Sunday, April 19, 2009

The Yellow Jacket Mine


In the 1800's, the large mines of the Comstock employed anywhere from 500 to 1000 men working in shifts around the clock to mine the precious ore. These mines were like ant colonies of underground activity. The men dug and blasted their way down into the earth, using forests of lumber to shore up the walls and work areas, called "cribs" with massive wooden beams and planks. The cribs were interconnected by miles of tunnels and wooden staircases, which in turn, interconnected the levels. Mines extended down hundreds of feet below the surface. Tons of dirt and ore were continually being moved through these pathways by means of chutes and winzes. Scores of wooden flues were constructed through out to dissipate the tremendous heat and to pipe in breathable air. The only light source came from candles or oil filled lanterns. It was a dangerous existence. Fire and cave-ins were a constant threat. Newly discovered ore veins needed to be blasted open and the wooden supports holding up the walls could buckle under the tremendous weight of the earth. One of the worst mine disasters of the Comstock happened on the morning of April 7, 1869; when a fire broke out in the Yellow Jacket Mine.

The fire started around the 800-foot level, near the line of the Kentuck Mine. It was supposed that a candle had been left burning too close to a supporting timber by one of the night shift. The fire was discovered around 7 a.m. by the oncoming day shift. The fire alarm was sounded but not before a number of men had already been lowered into the mine. The fire, once it took hold, roared through the shafts of the Yellow Jacket and the neighboring Kentuck and Crown Point Mines. The flames, along with the heat and smoke hindered rescue attempts, and an estimated 34 men lost their lives, although other accounts have put the number as high as 45. The fires continued to burn for months afterward; however, the miners went back to work in the mines 3 weeks later, such was the lure of gold.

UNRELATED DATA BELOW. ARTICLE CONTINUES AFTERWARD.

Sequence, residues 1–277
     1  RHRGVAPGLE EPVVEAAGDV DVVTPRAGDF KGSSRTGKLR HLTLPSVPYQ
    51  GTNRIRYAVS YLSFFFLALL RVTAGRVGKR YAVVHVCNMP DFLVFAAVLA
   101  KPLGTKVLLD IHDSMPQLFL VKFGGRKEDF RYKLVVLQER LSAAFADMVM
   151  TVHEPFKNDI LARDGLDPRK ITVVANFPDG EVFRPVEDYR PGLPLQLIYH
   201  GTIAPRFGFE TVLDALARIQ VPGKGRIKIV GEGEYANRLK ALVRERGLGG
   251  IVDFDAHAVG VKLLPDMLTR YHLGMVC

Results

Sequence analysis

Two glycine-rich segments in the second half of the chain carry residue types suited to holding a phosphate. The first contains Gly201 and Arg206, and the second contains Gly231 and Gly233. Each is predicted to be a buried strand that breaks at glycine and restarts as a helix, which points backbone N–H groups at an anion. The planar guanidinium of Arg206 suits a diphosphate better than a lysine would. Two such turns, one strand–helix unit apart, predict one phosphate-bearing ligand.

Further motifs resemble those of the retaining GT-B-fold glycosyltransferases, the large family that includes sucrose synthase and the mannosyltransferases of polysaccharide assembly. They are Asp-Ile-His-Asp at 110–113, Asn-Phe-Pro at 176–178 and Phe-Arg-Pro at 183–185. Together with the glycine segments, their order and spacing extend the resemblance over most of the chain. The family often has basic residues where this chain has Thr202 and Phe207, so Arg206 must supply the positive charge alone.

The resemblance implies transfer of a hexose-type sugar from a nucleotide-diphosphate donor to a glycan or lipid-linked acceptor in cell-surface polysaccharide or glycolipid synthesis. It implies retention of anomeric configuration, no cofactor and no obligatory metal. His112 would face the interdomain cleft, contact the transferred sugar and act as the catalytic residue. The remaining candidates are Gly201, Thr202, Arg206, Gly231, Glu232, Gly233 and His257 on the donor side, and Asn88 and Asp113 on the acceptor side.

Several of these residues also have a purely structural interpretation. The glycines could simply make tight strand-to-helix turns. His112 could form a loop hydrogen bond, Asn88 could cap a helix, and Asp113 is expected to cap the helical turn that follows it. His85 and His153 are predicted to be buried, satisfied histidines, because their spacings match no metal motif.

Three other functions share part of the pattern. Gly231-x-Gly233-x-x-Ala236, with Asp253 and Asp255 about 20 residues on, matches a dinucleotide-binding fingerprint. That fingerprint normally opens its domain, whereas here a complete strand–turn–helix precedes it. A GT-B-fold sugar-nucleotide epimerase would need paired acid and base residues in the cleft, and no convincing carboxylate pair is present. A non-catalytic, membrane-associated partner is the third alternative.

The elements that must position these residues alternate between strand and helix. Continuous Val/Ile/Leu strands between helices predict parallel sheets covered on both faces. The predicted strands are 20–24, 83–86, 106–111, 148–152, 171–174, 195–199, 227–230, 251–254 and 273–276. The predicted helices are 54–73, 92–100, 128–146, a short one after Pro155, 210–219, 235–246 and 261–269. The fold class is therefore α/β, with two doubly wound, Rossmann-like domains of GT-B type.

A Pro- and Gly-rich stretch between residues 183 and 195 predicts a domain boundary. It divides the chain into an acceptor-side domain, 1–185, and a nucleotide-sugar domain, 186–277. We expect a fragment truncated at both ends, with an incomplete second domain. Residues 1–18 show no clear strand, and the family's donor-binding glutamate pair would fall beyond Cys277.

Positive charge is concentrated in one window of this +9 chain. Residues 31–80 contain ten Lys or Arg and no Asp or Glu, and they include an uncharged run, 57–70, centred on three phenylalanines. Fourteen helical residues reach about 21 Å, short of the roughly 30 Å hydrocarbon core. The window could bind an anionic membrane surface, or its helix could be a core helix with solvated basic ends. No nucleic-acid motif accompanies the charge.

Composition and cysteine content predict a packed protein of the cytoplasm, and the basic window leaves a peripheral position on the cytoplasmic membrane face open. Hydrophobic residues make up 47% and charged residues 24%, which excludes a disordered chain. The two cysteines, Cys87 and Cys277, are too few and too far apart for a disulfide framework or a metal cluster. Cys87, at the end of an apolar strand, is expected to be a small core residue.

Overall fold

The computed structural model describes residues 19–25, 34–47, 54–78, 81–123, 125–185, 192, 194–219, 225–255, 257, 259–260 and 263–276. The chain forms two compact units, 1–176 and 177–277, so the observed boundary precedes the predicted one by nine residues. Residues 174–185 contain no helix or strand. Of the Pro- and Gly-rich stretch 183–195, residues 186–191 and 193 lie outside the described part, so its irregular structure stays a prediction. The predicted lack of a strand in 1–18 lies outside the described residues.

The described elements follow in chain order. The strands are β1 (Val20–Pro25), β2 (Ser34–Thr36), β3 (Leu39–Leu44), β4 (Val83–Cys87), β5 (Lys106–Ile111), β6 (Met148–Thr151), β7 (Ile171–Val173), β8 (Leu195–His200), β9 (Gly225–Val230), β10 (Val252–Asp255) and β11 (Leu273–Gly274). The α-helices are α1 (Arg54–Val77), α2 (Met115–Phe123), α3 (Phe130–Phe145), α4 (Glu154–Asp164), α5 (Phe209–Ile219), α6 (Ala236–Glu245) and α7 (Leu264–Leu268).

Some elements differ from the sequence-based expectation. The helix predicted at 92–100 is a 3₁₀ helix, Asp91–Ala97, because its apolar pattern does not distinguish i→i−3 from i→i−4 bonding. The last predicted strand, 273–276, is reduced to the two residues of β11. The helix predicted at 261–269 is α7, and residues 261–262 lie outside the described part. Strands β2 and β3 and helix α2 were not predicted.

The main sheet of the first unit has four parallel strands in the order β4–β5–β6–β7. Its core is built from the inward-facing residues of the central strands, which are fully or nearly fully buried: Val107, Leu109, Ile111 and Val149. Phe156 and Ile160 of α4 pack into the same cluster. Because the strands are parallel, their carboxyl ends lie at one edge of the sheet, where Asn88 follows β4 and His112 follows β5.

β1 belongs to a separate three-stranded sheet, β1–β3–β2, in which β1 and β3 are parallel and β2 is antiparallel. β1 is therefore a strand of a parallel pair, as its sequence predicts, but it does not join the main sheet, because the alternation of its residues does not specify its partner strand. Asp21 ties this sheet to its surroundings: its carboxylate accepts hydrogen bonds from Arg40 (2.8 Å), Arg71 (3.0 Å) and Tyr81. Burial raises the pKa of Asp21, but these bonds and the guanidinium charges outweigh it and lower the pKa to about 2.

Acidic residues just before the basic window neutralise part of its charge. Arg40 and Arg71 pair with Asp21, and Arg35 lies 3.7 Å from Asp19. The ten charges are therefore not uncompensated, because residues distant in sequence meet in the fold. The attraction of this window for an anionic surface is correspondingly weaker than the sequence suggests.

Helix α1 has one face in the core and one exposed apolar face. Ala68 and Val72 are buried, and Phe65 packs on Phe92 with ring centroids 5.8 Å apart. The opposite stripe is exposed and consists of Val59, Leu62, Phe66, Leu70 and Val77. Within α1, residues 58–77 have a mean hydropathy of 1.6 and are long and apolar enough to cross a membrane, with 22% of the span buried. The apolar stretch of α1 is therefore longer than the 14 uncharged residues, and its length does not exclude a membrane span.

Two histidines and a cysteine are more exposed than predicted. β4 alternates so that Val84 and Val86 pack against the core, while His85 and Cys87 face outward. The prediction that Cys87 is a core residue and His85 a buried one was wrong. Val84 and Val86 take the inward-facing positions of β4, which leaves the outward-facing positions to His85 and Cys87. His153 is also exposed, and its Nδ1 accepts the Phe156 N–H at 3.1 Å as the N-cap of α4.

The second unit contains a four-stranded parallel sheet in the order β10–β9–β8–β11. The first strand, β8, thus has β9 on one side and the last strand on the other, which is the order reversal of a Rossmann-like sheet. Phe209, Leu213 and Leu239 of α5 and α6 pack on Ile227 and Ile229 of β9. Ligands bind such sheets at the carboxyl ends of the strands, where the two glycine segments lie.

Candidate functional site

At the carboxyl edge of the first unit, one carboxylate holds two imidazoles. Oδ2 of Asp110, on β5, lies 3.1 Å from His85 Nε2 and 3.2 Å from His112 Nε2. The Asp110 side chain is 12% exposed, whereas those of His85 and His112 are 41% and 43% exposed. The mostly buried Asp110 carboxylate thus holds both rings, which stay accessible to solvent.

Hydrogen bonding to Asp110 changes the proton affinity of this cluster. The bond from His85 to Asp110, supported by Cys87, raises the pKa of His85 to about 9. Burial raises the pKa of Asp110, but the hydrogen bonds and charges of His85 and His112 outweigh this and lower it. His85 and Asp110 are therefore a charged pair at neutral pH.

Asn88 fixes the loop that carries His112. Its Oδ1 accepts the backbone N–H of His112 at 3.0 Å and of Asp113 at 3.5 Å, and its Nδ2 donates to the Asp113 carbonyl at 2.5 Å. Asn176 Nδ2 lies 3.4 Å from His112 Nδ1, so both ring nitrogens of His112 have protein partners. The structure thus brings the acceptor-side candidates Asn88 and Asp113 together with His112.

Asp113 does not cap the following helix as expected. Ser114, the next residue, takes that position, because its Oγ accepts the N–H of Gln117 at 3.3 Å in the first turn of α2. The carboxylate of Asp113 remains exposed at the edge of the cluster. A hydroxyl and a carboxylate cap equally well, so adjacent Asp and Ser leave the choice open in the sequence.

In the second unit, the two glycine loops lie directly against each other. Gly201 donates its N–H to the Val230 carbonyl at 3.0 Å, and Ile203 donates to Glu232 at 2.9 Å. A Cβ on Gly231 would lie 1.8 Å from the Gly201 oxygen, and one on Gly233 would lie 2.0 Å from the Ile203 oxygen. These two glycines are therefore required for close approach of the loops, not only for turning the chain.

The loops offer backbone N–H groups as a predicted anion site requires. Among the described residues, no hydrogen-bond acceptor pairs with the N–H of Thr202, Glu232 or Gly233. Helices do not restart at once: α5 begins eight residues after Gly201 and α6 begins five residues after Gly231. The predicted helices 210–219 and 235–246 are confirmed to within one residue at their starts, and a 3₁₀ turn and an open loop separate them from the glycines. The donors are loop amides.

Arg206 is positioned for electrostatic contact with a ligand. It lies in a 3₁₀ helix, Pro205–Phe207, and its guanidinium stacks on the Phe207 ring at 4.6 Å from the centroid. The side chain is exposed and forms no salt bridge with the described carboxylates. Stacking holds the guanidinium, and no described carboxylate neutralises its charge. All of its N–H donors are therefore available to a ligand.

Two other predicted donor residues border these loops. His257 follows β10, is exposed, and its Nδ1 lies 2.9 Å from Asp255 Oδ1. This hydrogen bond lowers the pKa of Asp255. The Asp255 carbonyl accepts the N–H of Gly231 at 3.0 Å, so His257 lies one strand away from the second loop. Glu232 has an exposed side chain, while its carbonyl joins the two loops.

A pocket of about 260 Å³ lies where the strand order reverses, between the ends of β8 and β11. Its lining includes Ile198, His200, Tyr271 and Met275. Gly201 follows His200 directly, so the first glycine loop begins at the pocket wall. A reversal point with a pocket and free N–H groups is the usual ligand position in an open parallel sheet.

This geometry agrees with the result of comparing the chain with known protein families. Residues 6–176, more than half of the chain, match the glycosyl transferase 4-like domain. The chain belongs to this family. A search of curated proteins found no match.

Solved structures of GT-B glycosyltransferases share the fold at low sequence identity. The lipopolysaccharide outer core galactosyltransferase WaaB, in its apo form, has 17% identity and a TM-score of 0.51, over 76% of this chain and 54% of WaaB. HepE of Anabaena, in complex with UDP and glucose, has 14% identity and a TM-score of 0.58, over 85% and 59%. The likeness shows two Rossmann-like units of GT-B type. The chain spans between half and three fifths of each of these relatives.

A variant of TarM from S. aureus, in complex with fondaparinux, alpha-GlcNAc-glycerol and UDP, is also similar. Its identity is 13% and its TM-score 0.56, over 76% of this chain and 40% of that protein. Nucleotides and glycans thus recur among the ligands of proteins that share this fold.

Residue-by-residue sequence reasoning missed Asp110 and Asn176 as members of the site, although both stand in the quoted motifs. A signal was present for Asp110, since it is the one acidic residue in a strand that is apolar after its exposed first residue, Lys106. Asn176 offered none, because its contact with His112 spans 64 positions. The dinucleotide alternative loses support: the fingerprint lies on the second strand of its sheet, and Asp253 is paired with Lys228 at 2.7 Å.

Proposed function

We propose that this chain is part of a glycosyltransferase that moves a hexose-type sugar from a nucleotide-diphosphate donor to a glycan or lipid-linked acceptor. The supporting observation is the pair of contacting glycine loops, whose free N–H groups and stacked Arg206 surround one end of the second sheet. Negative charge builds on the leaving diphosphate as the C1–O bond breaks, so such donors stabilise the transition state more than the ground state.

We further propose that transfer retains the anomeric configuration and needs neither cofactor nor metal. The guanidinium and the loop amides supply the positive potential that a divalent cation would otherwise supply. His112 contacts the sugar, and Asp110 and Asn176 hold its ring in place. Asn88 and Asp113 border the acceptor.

Today, all that is left of the Yellow Jacket Mine is the incline chute and head frame. The wooden chutes leading down the hill once carried ore from the head frame at the shaft on top of the hill. At the bottom of the hill is the Miner's Cabin, which once served as a break shack for miners between shifts. It has become a part of the Gold Hill Hotel, and is nowadays rented out to guests.



Places where tragedies have occurred are said to be prime areas where residual hauntings can be found. It is thought that the high paranormal activity surrounding the Gold Hill Hotel can be directly related to that tragic fire of 1869. Is this true? Do the ill-fated miners remain at the scene of their death? Many visitors seem to think so. W.I.G.S. wanted to find out if the stories of the haunted Yellow Jacket Mine are true. And so, we returned to Gold Hill in April of this year - incidentally, the 140th anniversary of the fire- to investigate Miner's Cabin and the skeletal remains of the Yellow Jacket Mine.

Next: The Investigation

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